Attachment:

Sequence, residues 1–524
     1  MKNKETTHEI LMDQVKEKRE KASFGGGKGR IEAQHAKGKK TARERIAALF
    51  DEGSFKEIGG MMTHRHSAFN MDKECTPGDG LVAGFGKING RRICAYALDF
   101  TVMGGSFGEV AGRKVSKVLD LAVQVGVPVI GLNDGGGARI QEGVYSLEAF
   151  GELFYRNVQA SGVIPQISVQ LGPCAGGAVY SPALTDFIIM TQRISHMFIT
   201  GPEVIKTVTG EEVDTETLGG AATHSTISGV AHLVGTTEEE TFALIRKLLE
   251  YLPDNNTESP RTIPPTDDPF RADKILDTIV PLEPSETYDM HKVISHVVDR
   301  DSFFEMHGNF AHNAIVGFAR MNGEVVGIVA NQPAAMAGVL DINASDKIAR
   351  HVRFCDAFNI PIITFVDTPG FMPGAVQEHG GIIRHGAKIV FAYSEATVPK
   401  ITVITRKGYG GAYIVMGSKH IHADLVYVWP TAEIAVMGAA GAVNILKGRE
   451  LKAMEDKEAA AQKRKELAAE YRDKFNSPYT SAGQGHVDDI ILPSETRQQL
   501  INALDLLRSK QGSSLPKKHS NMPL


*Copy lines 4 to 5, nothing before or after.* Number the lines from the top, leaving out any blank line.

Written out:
   101  TVMGGSFGEV AGRKVSKVLD LAVQVGVPVI GLNDGGGARI QEGVYSLEAF
   151  GELFYRNVQA SGVIPQISVQ LGPCAGGAVY SPALTDFIIM TQRISHMFIT